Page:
As soon as he heard about the Warriors Weekend, he knew he wanted and needed to be a part. This is his eighth year to share his love of fishing by coordinating the night fishing. Baiting hooks or advising on where to cast, for Skip it is all a labor of love. It has helped him feel better and move forward, and his girlfriend is a volunteer too. Skip says they will be involved as long as those soldiers keep coming. Some injured soldiers needed the night fishing to limit their sun exposure. Others just wanted one more chance to feel the tug on their line. Either way, Skip and a crew of many had lots of rods and reels, caught quite a few fish, and had bunches of happy soldiers casting and catching, laughing and sharing out at The Sanctuary from just after sunset to almost midnight. One volunteer brought his guitar and shared music, another had water and snacks, and still another was helping children and families of soldiers with the ins and outs of bank fishing. Under starlit skies, ‘fish-on’ ringing out on the night air and lots of smiles all around made it hard to tell who was happier to be there. Skip says you can be sure he will be ready again next year. He loves how it feels when he sees those warriors having such a great time.

POV #4
Erny and Joane McDonough co pastor at Fisherman’s Chapel, an interdenominational church in POC. They have many projects and lots of jobs in our community, but none they find as fun and fulfilling as stuffing breakfast burritos for the many heroes of Warriors Weekend. What is not really seen by others is all the preparation and planning it takes for a small church to make a success of such an undertaking. They must raise funds to pay for supplies, recruit labor, order supplies and equipment, troubleshoot and then actually cook and assemble the breakfast before 7:00 AM Saturday morning. Two hundred dozen eggs, 2700 tortillas, cheese by the pound, smoked sausage by the panful, cases of juice and milk and fruit ordered in advance are just the beginning of the project. Missing apples from the grocery delivery called for some heavy hitter problem solving by John and Jeff at SpeedyStop, but that got done. Eggs require cracking early, but Carol made that a party. Pans of eggs need stirring while most are still sleeping, but brothers Kenneth and Dennis and others were there plenty early. So, with smiles and singing and patience galore; Erny and Joane accomplished the task, and you can count on them to be not only willing but happy, ready and able to ‘egg on’ the breakfast crew again next year.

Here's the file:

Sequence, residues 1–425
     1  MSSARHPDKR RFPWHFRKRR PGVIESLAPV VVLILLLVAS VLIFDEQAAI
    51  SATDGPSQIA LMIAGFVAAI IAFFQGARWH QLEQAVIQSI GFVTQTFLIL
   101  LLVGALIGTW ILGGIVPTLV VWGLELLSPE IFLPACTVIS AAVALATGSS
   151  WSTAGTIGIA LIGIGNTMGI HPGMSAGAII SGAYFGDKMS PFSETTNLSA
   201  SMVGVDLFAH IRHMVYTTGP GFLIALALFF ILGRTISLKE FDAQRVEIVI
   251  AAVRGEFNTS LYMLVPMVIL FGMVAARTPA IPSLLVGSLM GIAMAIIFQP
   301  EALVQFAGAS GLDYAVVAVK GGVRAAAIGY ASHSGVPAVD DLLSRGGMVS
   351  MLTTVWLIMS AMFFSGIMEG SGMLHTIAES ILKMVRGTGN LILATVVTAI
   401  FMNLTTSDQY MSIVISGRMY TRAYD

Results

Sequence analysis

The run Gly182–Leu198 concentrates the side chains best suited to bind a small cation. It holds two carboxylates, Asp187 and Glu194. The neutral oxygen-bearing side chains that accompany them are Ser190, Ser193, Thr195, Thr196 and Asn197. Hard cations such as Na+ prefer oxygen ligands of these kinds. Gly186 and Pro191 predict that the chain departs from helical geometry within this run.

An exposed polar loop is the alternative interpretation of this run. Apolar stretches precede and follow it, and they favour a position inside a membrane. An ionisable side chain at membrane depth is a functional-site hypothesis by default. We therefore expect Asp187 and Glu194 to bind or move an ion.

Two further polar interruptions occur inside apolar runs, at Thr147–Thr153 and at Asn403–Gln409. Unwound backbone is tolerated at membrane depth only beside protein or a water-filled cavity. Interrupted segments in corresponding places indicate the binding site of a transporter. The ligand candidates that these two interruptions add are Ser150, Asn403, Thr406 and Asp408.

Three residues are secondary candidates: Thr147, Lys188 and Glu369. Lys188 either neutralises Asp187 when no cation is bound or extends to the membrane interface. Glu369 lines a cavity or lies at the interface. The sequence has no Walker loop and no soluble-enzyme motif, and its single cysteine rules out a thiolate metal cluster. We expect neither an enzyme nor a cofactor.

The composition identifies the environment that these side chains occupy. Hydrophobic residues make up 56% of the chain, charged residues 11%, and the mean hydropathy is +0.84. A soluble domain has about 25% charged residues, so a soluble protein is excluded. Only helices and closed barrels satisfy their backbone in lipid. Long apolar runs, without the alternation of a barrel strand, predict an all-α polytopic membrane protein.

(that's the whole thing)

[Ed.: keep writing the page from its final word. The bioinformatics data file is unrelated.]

POV #5
Jim and Linda Butler are POCites through and through. Linda works at Clarks Inn and Jim is retired. For the last three years they have worked together to coordinate the golf cart brigade that serves as ground transportation on Warriors Weekend. Originally, the Calhoun County Golf Cart Association volunteered to cart soldiers around. Many of those have moved on to other assignments and jobs, but Jim and Linda love the job of driving soldiers, their families, volunteers, boat captains and crew and others to and from events and locations throughout POC. More than 10 golf carts, a mule and a van driven by local volunteers drove pretty much wherever they were needed. Linda drove two very sunburned soldiers to SpeedyStop for some much needed aloe gel, drove a medical volunteer to gather more supplies needed to deal with scrapes and cuts of the day, and ran around town all day delivering soldiers and their families to motels, condos, fishing piers, beaches and shopping, massages and activities, even to dinner at the community center. Those volunteers started at 6 AM and many had passengers until dark. One of Linda’s pickups was a very frustrated fishing soldier shut out on this day of fishing. He boarded her mule grumbling and down, but after sharing a ride and her heart, Linda dropped him off laughing and claiming he would give fishing and POC a try again. The volunteer drivers said this was a great way to really connect to our guests. They got to really talk with them a few at a time. When asked why he volunteers, Jim said he loves to see how happy it makes the soldiers. They are already planning an even bigger brigade of carts and drivers for next year.

















Leave a Reply

Untitled Document Visit Port O'Connor Chamber of Commerce